Why Some Dental Cleanings Are Deeper Than Others

Although professional dental cleaning is a standard part of a checkup, some cleanings go deeper than others. What does it mean when your dentist tells you that you need a deep dental cleaning?

Standard Cleanings

The type of cleaning performed by a dentist or dental hygienist will be as comprehensive as it needs to be. A standard cleaning tends to focus on the tooth's crown—the visible section of the tooth that has erupted from the gums. These standard cleanings focus on the entire surface of the tooth, and more-or-less stop at the gumline. 

A Clear Need

Deep dental cleans are performed when a dentist or dental hygienist notes that there's a clear need, and this is noted during your examination. It's not a process that requires extensive preparation, so it can be immediately arranged as needed. It's needed when you're at risk of periodontal disease and may already be experiencing symptoms. 

Root Planing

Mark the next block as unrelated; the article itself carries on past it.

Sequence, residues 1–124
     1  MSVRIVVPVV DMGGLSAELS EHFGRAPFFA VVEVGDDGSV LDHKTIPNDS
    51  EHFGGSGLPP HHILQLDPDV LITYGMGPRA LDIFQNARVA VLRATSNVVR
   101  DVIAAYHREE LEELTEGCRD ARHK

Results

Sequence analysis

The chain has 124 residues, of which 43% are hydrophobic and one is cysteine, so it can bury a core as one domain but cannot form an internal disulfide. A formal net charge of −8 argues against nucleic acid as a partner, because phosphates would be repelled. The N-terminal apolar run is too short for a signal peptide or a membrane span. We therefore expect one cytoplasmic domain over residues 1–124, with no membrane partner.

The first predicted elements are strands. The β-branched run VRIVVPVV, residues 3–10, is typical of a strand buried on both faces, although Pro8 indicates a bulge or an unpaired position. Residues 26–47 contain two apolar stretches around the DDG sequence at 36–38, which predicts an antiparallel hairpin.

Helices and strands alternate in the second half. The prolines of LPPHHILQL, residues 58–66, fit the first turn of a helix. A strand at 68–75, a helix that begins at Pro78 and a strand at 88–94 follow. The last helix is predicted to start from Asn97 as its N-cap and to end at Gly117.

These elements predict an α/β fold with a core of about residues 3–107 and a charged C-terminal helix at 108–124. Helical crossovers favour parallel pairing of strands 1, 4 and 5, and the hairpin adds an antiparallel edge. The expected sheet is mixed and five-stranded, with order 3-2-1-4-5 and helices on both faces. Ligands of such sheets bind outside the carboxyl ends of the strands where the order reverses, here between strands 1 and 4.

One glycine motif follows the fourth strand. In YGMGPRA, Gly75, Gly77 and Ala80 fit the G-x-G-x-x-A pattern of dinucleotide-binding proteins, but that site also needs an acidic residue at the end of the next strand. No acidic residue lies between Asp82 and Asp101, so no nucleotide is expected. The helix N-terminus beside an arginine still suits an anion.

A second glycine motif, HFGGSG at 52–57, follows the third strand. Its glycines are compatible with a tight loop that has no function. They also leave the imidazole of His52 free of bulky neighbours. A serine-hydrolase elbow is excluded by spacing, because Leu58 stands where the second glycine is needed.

Although it's typically referred to as a deep dental cleaning, the process may also be called root planing and gum scaling, which gives you a clue about what's involved. A standard dental cleaning (focussed on the tooth's visible crown) removes plaque and tartar (a hardened biofilm of potentially corrosive oral bacteria). If it has been some time since you received a standard dental cleaning, or if your oral hygiene hasn't been as in-depth as it should be, the reason why your teeth and gums need a deep cleaning becomes clear.

Harmful Accumulations

Just as a standard cleaning removes harmful accumulations (plaque) from your teeth, deep cleaning removes harmful accumulations from the tooth's subgingival surfaces (those beneath the gum line), as well as the tooth's support structures (such as its roots). This sensation can be slightly more intensive than a standard cleaning, but it won't be painful or uncomfortable. Numbing a patient's gums prior to a deep cleaning isn't routine, but this is an option for patients with especially sensitive teeth.


Your teeth and gums will almost inevitably feel more sensitive after a deep cleaning, but this feeling shouldn't linger. Your dentist can give you specific aftercare instructions, and you may even be instructed to use fluoride-rich toothpaste for a certain period of time. This simply helps the surfaces of your teeth to remineralize and fortify, which can be useful when plaque and tartar have had an opportunity to gain the upper hand.

Deep dental cleaning is a routine procedure, although ideally, it won't have to be performed each time you visit your dentist. For more information, contact a company like the Family Dentistry Of Woodstock.